Creamy aioli, hearty spaghetti aglio e olio, spicy chimichurri ... all around the world garlic is a key ingredient to a delicious meal.
In all corners of the globe, too, garlic farmers have developed their own varieties with unique flavors and colors. Why not grow your own Spanish Roja garlic (perfect for Sopa de Ajo (Spanish Garlic Soup side by side with Siberian garlic and make authentic Russian Piroshki with Vmochanka)? There are two main types of seed garlic to choose from: hardneck and softneck. Elephant garlic, which is actually a member of the leek family, is a separate type.
Softneck seed garlic, also called artichoke garlic due to their numerous cloves that give them an appearance similar to the “petals” of an artichoke head, is the most common garlic due to its excellent storage characteristics. This is the kind you will find in grocery stores.
Softnecks are the most heat tolerant of garlic, and have a sweeter, milder flavor than hardnecks. If you’re looking to make garlic braids, this is the type to grow.
They come in both white and red varieties.
Varieties include California Late White, California Early White, Inchelium Red, Early Purple Italian, Sonoran and Sicilian.
Hardneck seed garlic grows with a hard center stalk around which the cloves grow. This type of seed garlic is more assertively flavored, easier to peel, and has bigger (though fewer) cloves than softneck. They grow best in areas with freezing winter temperatures. Their vibrant colors and superb flavor make these gourmet garlics an excellent choice for the garden, especially as their short storage time means that you are unlikely to find them from your local grocer.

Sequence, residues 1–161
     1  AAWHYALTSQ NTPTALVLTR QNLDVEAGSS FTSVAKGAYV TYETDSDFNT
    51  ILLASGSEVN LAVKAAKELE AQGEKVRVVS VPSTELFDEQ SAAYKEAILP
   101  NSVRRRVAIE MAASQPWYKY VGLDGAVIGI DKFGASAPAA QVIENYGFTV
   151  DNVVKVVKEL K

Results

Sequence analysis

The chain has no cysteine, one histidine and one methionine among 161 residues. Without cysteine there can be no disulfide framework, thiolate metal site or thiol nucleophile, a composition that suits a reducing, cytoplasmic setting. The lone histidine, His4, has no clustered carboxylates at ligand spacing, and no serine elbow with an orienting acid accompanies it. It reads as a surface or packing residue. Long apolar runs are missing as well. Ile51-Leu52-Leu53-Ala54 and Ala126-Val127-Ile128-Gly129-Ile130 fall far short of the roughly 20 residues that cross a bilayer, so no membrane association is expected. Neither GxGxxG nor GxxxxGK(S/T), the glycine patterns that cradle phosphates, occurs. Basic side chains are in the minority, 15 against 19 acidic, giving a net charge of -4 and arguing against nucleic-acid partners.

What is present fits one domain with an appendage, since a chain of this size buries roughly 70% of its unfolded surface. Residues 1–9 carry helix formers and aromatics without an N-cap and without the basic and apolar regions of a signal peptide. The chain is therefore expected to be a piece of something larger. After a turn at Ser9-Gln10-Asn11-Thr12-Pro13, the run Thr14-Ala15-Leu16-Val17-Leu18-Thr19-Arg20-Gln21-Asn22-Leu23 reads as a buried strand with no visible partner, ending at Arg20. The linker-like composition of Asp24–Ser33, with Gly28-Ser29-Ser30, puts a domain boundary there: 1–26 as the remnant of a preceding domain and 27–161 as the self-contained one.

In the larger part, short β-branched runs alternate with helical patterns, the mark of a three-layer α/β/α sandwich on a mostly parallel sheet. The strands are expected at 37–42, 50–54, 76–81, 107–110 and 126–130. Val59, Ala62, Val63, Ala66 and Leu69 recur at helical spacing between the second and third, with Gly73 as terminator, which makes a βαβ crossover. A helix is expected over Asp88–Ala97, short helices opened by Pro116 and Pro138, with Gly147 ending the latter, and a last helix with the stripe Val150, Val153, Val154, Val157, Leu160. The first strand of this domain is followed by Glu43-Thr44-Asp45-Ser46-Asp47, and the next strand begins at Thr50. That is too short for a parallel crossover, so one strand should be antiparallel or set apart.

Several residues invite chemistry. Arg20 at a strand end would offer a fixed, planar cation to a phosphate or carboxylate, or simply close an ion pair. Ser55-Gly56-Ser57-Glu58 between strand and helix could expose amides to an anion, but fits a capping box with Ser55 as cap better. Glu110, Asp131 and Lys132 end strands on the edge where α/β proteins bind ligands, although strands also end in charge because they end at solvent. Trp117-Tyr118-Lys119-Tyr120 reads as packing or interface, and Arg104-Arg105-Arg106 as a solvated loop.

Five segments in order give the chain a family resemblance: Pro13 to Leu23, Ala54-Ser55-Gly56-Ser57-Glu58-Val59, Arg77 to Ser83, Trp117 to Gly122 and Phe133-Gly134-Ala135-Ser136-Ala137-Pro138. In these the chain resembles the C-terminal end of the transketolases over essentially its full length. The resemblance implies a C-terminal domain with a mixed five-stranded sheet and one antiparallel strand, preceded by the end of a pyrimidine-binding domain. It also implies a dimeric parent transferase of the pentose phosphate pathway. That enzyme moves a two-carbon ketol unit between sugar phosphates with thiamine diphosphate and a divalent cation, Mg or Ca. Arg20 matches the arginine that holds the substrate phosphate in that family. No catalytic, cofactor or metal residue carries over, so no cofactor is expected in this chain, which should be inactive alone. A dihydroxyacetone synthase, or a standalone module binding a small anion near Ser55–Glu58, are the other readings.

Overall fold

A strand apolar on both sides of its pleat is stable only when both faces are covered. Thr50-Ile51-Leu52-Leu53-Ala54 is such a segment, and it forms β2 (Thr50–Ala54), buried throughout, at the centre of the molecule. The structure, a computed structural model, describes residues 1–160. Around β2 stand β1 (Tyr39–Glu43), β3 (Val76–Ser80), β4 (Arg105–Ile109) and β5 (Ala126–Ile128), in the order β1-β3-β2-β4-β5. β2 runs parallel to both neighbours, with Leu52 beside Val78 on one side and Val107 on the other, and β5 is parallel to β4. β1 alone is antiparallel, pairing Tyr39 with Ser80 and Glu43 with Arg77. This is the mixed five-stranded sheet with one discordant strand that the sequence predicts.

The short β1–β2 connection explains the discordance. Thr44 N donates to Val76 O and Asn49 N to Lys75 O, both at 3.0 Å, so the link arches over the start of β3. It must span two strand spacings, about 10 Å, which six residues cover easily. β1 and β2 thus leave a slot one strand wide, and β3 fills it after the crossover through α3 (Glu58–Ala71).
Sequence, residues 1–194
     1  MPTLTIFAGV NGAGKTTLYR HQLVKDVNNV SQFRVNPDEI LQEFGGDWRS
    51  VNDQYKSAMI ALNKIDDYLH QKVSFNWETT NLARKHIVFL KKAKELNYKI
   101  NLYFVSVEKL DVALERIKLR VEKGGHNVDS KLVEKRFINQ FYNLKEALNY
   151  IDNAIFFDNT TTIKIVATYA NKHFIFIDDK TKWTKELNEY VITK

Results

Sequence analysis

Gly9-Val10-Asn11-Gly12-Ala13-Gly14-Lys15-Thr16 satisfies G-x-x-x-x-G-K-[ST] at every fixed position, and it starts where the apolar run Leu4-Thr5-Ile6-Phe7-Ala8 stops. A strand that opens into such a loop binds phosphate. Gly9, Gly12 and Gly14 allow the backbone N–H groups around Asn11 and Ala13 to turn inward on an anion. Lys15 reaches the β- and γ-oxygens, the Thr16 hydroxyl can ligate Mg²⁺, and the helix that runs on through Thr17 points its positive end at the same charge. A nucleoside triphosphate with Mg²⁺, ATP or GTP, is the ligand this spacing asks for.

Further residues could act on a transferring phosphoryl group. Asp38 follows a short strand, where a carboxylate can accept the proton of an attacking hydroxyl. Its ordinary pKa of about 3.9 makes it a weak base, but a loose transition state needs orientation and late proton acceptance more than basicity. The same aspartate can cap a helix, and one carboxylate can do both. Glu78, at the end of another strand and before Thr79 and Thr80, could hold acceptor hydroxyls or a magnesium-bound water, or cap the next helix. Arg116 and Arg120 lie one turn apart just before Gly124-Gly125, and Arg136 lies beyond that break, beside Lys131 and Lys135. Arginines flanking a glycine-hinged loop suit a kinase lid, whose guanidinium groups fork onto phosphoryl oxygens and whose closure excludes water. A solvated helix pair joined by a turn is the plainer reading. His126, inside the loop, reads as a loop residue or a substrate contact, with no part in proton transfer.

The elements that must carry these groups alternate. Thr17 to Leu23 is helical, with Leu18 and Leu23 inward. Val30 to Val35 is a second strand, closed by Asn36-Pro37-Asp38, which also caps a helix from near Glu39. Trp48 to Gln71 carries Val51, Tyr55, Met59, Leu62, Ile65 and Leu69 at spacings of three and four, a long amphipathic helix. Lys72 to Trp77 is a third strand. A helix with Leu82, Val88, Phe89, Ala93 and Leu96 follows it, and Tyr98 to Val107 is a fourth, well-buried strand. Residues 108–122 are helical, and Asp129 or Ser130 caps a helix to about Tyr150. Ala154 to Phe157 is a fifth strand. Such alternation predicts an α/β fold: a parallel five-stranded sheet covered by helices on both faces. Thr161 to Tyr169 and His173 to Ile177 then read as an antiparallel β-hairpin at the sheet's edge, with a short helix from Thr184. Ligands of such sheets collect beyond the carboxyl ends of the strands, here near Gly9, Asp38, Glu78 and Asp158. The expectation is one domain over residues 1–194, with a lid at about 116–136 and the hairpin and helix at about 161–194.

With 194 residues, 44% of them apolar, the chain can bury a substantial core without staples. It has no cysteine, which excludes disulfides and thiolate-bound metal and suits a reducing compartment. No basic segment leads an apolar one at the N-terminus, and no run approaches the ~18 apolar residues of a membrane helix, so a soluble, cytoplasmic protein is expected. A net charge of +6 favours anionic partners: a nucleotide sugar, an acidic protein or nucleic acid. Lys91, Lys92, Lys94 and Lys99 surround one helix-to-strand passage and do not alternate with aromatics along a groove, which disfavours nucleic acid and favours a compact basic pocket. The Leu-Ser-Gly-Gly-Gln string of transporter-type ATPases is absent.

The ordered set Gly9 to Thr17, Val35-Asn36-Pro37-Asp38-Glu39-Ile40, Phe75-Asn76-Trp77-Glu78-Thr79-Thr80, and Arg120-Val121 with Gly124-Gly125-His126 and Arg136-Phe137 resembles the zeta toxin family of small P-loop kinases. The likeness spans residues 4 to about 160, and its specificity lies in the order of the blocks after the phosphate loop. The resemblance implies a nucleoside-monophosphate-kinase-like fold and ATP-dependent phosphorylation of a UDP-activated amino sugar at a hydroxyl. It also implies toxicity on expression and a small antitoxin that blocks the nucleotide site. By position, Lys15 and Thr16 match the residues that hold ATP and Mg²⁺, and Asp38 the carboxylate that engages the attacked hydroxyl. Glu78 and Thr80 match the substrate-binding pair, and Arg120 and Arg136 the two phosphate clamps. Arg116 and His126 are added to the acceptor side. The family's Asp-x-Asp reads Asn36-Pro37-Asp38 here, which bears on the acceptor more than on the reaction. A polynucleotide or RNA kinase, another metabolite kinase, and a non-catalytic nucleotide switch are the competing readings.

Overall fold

Hardnecks are classified in three categories: rocambole, porcelain, and purple stripe. These categories have been refined based on recent garlic DNA testing, which also showed that originally all garlic came from the Caucasus Mountains before selective breeding created new regional varieties. These categories also provide easy guidelines for selecting the best hardneck seed garlic for your gardening and culinary needs.
Rocambole seed garlic has wrappers that are typically reddish in color, such as Georgian Red, Russian Red, or Spanish Roja. However, color is not the only requirement for this category, as some varieties may be white or purple colored.
Rocambole scapes are more tightly curled than other varieties. Most rocambole varieties produce 8 to 10 cloves per head.
Purple stripe seed garlic has wrappers that are typically purple, although some varieties can have white or red coloration. These include Bogatyr, Metechi, Purple Glazer, and Siberian. Purple stripe seed garlic typically produces 5 to 10 cloves per head, depending on variety.
Purple stripes can be further divided into “standard purple stripe” which have vibrant purple striping on their wrappers, “glazed purple stripe” which have a deep purple wrapper tingled with gold or silver hues, and “marbled purple stripe” which are more likely to be mottled than striped and may resemble rocambole.
Porcelain seed garlic has wrappers that are predominately white, sometimes with a blush of red or purple, and include Georgian Fire, Music, German, Norquay, and German Xtra Hardy. Porcelain’s lovely color and excellent flavor makes these among the more popular varieties of hardneck seed garlic.
Porcelains tend to have less cloves per head, at 4 to 9 depending on the variety; however the cloves can grow to be quite large compared to other seed garlic varieties.
Select several varieties of seed garlic to grow in your garden and enjoy a world of garlic flavors!